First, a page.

Collection Letters Mailed by Private Attorneys Serving as Special Counsel to State Attorney General Not False or Misleading When On Attorney General Letterhead
The Supreme Court issued its opinion Monday in Sheriff v. Gillie, No. 15-338, ___ U.S. ___ (2016). The case involved the collection of debts owed to the state by private law firms that had been appointed as special counsel by the Ohio Attorney General for the purposes of collecting those debts. The private law firms, pursuant to Ohio law, sent collection letters on the Ohio Attorney General letterhead, but provided their own firm information as well as statements alerting the recipient that the communications were from a debt collector. The questions presented to the Court were (1) do special counsel appointed by the Ohio Attorney General qualify as “state officers” exempt from the Fair Debt Collection Practices Act (“FDCPA”), and (2) is the special counsel’s use of the Attorney General’s letterhead a false or misleading representation proscribed by 15 U.S.C. § 1692e? Sheriff v. Gillie, No. 15-338 at *2, ___ U.S. ___ (2016).
The Court did not answer the first question, but assumed arguendo that special counsel were not state officers. The Court held unanimously that the use of the Attorney General letterhead does not violate § 1692e of the FDCPA. The Court held that it was not false or misleading to use the attorney general’s letterhead when collecting debts for the state as a special counsel. Id. at *2. In its opinion, the Court placed reliance on the special relationship between the Attorney General’s office and special counsel, noting that the Attorney General’s office often actively participated in more sensitive or complex cases. It concluded that “given special counsel’s alliance with attorneys within the Attorney General’s Office, a debtor’s impression that a letter from special counsel is a letter from the Attorney General’s Office is scarcely inaccurate.” Id. at *5. The Court further held that the collection law firm did not violate §1692e9’s requirement that debt collectors use the “true name” of the debt collector’s business by sending the letter on the Ohio Attorney General’s letterhead, reasoning that “[f]ar from misrepresenting special counsel’s identity, letters sent by special counsel accurately identify the office primarily responsible for the collection of the debt (the Attorney General), special counsel’s affiliation with that office, and the address (special counsel’s law firm) to which payment should be sent.” Id. at *9.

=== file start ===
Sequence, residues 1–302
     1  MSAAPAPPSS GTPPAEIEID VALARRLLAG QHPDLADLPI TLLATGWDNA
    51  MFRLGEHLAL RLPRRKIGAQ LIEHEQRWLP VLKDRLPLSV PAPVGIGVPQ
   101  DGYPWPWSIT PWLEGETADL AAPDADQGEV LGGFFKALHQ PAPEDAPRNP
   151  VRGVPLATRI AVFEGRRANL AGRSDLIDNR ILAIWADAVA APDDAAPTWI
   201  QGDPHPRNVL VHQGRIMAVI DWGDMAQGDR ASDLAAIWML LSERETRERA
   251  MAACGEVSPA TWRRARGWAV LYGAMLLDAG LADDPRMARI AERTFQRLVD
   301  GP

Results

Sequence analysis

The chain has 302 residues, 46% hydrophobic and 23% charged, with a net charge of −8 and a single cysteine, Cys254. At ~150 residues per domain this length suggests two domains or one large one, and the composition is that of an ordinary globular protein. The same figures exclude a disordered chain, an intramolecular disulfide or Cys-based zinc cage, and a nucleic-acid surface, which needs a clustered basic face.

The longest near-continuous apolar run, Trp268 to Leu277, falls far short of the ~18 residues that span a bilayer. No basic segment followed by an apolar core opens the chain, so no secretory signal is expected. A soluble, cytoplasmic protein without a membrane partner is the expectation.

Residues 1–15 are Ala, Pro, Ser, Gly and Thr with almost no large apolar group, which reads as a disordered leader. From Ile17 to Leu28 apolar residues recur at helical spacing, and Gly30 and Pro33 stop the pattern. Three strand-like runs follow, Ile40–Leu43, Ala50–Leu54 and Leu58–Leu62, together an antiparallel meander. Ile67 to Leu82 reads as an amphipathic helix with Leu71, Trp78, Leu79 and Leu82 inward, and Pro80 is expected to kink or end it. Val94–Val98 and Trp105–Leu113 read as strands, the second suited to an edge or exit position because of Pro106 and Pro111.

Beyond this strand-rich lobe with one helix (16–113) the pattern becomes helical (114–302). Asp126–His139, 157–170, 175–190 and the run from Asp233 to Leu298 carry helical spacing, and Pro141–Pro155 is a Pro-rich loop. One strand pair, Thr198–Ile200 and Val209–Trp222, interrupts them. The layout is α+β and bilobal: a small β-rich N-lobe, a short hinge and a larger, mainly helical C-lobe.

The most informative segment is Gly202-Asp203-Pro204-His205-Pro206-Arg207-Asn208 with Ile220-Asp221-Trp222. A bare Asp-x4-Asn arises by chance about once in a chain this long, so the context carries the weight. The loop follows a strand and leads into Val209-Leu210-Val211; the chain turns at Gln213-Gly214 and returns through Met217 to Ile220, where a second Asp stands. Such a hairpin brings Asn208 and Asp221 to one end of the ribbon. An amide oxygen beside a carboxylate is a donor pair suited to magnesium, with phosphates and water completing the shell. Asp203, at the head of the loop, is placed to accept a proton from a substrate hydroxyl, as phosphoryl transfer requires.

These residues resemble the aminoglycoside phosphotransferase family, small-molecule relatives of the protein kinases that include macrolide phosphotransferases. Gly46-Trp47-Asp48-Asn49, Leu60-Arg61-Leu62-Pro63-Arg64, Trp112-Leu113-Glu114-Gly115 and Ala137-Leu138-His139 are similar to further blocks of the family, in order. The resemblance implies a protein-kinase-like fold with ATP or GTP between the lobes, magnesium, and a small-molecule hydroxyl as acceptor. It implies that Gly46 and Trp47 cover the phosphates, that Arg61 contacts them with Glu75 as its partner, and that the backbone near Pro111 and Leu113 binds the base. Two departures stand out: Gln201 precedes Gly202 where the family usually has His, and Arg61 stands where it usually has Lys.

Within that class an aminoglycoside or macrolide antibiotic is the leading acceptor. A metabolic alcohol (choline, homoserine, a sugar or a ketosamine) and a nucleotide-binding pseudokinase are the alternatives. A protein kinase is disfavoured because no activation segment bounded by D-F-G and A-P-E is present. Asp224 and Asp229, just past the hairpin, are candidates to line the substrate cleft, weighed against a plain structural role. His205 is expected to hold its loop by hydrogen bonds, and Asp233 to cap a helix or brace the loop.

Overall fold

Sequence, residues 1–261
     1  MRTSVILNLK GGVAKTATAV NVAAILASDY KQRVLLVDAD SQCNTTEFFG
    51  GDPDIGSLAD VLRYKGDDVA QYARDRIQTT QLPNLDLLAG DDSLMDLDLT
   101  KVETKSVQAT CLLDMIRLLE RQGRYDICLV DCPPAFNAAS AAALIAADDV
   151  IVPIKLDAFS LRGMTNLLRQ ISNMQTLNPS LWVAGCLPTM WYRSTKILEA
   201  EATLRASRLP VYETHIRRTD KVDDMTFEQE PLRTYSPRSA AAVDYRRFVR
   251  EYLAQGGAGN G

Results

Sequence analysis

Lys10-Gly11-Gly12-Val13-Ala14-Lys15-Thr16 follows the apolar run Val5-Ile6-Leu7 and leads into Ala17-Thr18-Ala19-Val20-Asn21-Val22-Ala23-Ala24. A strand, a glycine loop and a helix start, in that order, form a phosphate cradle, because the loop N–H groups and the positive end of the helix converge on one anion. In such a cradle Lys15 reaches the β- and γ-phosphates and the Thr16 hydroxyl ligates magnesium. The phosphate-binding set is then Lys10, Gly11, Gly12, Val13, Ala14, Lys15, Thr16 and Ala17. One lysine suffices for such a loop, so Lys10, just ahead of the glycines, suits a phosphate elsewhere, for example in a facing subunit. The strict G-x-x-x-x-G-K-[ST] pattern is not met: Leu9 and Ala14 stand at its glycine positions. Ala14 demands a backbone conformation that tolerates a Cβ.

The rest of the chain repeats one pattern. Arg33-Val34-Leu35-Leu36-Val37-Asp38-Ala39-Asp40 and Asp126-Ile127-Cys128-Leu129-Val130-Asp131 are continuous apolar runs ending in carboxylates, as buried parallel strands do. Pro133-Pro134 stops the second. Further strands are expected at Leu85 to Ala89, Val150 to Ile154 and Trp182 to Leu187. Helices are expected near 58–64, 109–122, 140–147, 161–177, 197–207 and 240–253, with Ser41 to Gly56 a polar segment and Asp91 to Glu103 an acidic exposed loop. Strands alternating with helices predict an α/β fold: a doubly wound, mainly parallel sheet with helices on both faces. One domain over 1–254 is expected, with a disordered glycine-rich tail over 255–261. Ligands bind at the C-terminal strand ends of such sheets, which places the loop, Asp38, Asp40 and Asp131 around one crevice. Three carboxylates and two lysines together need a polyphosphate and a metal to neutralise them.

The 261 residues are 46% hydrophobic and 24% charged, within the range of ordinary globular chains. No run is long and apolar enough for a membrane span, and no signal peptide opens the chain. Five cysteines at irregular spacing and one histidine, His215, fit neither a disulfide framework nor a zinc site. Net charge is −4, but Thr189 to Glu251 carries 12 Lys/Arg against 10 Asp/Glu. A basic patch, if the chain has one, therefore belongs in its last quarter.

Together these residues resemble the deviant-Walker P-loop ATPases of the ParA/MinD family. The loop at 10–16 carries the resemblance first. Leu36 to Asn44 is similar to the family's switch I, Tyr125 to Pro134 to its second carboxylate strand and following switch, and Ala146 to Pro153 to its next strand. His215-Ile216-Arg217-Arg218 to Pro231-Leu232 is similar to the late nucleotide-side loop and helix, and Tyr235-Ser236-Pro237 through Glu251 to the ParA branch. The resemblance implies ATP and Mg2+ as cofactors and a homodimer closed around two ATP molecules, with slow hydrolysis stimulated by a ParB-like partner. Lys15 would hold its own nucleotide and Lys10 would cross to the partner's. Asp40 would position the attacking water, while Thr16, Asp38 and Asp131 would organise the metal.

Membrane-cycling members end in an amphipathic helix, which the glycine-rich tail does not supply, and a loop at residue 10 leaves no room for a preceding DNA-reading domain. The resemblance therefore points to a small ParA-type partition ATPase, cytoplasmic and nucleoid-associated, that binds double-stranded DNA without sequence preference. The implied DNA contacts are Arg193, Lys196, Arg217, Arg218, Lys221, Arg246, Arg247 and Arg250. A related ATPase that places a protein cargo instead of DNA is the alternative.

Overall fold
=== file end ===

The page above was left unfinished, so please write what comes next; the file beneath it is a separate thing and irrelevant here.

Plaintiffs argued that confusion was created because of the “risk of intimidation.” Id. at *10. First, Plaintiffs argued that “invocation of the Attorney General’s imprimatur could lead debtors to prioritize their debt to the State of other private debts out of a belief that the consequences of failing to pay a state debt would be more severe.” The Court noted that this concern was not inaccurate, as the state has more collection methods at its disposal. It further rejected plaintiffs fears that “debtors might worry that the letters imply that the Attorney General … intends to take punitive action against them.” Ultimately the Court reasoned that §1692e “bars debt collectors from deceiving or misleading consumers; it does not protect consumers from fearing the actual consequences of their debts.” Id. at *11.
It is important to note that Congress originally enacted the FDCPA, “to eliminate the abusive debt collection practices by debt collectors, to insure that those debt collectors who refrain from using abusive debt collection practices are not competitively disadvantaged, and to promote consistent state action to protect consumes against debt collection abuses.” 15 U.S.C. § 1692(e). Many lower court decisions often focus on heavily on the first prong, and this decision may serve as a signal for lower courts to employ a more equitable approach in FDCPA lawsuits.
Ultimately, this case does not have immediate application to debts collected by law firms for private entities. The big focus was on the special relationship with a state entity, which will not apply for work carried out on behalf of private debt holders. However, this decision may signal a return to a more sensible application to what terms like “false” or “misleading” mean. We will continue to monitor developments in this area of the law in the wake of this decision by the Supreme Court.